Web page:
From voids to filaments: environmental transformations of galaxies in the SDSS [GA]

We investigate the impact of filament and void environments on galaxies, looking for residual effects beyond the known relations with environment density. We quantified the host environment of galaxies as the distance to the spine of the nearest filament, and compared various galaxy properties within 12 bins of this distance. We considered galaxies up to 10 $h^{-1}$Mpc from filaments, i.e. deep inside voids. The filaments were defined by a point process (the Bisous model) from the Sloan Digital Sky Survey data release 10. In order to remove the dependence of galaxy properties on the environment density and redshift, we applied weighting to normalise the corresponding distributions of galaxy populations in each bin. After the normalisation with respect to environment density and redshift, several residual dependencies of galaxy properties still remain. Most notable is the trend of morphology transformations, resulting in a higher elliptical-to-spiral ratio while moving from voids towards filament spines, bringing along a corresponding increase in the $g-i$ colour index and a decrease in star formation rate. After separating elliptical and spiral subsamples, some of the colour index and star formation rate evolution still remains. The mentioned trends are characteristic only for galaxies brighter than about $M_{r} = -20$ mag. Unlike some other recent studies, we do not witness an increase in the galaxy stellar mass while approaching filaments. The detected transformations can be explained by an increase in the galaxy-galaxy merger rate and/or the cut-off of extragalactic gas supplies (starvation) near and inside filaments. Unlike voids, large-scale galaxy filaments are not a mere density enhancement, but have their own specific impact on the constituent galaxies, reducing the star formation rate and raising the chances of elliptical morphology also at a fixed environment density level.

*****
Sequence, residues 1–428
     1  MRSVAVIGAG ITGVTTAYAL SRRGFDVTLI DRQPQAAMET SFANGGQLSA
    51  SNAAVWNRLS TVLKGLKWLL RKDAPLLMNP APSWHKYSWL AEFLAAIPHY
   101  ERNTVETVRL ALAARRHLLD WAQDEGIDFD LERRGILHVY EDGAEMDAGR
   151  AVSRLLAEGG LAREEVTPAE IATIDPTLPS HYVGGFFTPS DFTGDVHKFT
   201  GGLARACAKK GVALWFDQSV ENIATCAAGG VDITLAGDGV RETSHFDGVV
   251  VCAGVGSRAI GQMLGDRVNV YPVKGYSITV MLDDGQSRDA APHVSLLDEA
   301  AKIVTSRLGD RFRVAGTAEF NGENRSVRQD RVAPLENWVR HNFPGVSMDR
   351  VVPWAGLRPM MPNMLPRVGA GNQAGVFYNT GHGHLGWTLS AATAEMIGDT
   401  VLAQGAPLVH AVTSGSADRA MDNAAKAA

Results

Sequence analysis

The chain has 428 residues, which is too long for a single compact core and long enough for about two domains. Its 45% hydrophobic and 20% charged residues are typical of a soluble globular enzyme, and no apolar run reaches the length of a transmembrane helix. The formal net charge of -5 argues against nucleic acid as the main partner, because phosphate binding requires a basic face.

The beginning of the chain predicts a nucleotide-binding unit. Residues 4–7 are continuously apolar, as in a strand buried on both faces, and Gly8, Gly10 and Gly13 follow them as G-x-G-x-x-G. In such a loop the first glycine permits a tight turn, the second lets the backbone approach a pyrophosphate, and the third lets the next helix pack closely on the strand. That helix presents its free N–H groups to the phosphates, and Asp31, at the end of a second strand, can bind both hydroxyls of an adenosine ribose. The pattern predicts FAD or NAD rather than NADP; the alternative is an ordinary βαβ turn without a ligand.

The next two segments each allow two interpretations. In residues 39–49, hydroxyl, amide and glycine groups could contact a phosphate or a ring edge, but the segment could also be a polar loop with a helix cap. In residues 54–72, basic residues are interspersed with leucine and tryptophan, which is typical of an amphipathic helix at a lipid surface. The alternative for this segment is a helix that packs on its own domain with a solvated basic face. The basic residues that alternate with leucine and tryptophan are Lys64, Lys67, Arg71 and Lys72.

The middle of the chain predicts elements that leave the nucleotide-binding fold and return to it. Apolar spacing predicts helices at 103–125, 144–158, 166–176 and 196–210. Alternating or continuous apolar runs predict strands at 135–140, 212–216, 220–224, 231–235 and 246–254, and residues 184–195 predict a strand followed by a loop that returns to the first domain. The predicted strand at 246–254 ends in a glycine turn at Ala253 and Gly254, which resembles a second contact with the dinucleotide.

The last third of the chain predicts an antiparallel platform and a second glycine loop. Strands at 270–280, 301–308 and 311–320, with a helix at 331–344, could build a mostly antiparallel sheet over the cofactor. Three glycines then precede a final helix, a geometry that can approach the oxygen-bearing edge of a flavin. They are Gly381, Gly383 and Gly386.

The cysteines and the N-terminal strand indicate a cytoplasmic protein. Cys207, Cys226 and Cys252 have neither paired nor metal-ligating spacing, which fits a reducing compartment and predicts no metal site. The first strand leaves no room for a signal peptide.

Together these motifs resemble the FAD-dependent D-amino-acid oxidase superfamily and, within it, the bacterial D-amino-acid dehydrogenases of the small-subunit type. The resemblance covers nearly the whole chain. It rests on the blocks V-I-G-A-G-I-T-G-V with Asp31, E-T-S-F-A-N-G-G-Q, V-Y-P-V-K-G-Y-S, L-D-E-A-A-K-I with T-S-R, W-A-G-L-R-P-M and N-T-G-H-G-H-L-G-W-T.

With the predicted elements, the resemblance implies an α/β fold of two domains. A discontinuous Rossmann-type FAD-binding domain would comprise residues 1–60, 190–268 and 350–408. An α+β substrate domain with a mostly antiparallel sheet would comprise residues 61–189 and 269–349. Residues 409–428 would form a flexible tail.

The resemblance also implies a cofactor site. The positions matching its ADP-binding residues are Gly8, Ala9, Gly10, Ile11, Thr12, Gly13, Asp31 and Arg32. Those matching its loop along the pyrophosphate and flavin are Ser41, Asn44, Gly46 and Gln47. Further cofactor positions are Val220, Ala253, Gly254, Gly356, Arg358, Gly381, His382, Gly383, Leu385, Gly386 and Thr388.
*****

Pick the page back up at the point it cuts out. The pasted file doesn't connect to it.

Read this paper on arXiv…

T. Kuutma, A. Tamm and E. Tempel
Tue, 14 Mar 17

Comments: 4 pages, 3 figures, Astronomy & Astrophysics letters accepted